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Speaking of fence-mending, tongues are wagging around the state today about how SCGOP chair Drew McKissick was booed at Saturday’s Trump confab in Columbia. The former president seemed mildly startled by the reaction (though he gamely rolled with the punches and pressed on with the laundry list of Republican luminaries he was thanking). Although it was brief, the incident was yet another reminder that the GOP in South Carolina is far from one big happy family. The Addams Family is more like it, with various branches and offshoots that are at each other’s throats. While the catcalls and hisses may have been directed at McKissick personally Saturday, they were a reminder of the pressure that’s building under the surface of the state’s dominant political party. Could a nasty primary battle for some high-profile office be enough to make it erupt with the fury of Mount St. Helens in 2026?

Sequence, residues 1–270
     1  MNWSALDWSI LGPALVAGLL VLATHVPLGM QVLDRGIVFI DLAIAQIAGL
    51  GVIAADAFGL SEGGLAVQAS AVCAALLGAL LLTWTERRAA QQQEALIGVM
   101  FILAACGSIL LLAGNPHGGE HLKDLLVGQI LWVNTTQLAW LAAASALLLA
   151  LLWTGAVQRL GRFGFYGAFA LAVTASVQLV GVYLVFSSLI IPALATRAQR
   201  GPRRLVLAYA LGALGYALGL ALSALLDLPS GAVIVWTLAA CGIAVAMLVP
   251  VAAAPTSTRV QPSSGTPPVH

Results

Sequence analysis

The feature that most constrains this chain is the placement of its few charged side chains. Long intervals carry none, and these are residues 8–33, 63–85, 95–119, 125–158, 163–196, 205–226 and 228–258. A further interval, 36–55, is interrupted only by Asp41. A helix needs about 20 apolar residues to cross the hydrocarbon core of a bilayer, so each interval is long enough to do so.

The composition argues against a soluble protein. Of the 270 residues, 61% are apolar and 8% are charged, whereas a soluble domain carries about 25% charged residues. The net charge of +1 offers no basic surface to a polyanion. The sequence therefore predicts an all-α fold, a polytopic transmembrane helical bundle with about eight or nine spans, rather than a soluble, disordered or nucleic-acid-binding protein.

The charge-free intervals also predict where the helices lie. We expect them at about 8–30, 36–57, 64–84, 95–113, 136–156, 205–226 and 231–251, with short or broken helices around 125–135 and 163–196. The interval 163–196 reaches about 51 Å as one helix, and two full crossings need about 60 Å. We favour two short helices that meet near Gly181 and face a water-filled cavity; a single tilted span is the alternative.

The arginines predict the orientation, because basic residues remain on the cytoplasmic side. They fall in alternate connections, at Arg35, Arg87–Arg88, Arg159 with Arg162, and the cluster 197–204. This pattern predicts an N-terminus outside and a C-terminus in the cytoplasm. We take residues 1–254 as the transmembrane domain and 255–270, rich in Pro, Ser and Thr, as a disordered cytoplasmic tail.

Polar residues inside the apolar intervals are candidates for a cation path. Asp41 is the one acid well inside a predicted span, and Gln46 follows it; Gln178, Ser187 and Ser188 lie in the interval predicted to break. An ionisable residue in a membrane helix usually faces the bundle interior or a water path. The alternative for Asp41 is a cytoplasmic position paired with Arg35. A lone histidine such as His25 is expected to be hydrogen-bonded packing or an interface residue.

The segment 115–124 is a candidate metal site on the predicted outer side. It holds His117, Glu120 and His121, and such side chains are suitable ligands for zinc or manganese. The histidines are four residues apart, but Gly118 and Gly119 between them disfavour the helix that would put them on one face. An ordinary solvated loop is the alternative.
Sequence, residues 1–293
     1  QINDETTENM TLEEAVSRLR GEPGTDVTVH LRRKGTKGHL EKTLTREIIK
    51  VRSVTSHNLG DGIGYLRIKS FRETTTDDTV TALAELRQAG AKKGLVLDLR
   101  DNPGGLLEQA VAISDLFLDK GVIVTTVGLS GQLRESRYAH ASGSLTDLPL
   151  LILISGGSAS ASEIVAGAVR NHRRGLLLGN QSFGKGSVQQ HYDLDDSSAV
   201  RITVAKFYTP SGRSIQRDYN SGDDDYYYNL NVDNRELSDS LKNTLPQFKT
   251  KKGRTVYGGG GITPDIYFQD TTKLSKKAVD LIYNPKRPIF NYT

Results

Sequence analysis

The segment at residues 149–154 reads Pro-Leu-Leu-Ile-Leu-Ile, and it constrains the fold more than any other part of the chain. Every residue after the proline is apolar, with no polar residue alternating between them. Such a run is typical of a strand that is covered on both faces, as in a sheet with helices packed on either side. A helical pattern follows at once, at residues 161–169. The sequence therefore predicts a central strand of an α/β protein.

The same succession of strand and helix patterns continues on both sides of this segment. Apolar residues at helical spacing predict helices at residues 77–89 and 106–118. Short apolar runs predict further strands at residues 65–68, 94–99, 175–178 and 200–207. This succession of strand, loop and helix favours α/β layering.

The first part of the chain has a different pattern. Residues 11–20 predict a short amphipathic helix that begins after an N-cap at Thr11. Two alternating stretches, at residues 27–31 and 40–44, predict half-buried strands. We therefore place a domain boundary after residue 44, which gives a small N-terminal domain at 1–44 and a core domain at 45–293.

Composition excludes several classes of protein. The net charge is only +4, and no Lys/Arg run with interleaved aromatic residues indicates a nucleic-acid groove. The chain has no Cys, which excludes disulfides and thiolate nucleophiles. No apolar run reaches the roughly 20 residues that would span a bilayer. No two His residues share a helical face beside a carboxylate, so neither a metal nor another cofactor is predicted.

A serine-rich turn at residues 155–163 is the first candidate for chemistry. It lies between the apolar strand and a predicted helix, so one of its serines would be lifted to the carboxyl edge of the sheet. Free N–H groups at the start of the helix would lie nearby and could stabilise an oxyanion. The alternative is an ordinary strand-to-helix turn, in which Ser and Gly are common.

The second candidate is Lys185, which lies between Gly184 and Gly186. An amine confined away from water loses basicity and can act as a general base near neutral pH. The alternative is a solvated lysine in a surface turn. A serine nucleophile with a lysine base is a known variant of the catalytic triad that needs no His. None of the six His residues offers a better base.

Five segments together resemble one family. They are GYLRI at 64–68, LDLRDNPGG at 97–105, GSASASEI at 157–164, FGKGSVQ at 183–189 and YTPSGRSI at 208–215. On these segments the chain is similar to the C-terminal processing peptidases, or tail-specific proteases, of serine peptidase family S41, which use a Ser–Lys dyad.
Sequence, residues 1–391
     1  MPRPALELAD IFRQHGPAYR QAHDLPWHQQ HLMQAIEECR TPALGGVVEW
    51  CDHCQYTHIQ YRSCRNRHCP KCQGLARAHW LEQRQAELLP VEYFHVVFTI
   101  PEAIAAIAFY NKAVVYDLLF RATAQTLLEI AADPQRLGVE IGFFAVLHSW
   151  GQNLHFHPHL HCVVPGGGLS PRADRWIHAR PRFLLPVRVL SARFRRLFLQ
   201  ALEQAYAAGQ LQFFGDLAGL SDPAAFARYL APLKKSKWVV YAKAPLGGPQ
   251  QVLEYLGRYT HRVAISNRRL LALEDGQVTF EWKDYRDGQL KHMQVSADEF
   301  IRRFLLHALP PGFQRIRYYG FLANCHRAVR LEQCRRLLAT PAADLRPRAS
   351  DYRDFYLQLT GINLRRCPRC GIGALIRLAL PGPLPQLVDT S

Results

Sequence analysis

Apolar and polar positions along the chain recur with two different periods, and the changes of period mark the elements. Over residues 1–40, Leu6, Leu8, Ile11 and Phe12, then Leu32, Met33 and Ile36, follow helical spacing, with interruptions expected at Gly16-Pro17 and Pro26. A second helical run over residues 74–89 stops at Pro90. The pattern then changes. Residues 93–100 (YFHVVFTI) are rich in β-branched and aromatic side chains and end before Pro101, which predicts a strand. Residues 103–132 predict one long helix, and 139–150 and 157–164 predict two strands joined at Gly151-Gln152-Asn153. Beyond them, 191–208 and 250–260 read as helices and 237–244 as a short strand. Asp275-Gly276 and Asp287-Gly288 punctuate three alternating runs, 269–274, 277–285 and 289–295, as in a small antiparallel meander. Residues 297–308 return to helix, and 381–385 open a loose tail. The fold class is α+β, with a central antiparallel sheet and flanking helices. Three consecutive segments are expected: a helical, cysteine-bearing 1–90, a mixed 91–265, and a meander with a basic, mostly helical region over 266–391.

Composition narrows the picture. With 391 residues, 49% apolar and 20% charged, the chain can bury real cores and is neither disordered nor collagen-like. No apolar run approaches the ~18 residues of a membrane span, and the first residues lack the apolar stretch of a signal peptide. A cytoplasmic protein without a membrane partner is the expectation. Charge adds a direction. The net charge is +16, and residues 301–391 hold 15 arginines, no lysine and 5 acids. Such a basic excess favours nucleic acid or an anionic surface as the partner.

There is one other important, though inconspicuous, loser following the primary… 

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REPUBLICANS/DONALD TRUMP?

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By any measure, Trump’s 59.8 to 39.5 percent sweep on Saturday was commanding. (Nabbing 47 of the state’s 50 delegates up for grabs was even more important.) But many political pros all over the state—consultants, campaign managers and staffers, and serious activists—have been asking the same question to one another in unsettled whispers: “Why wasn’t it bigger?”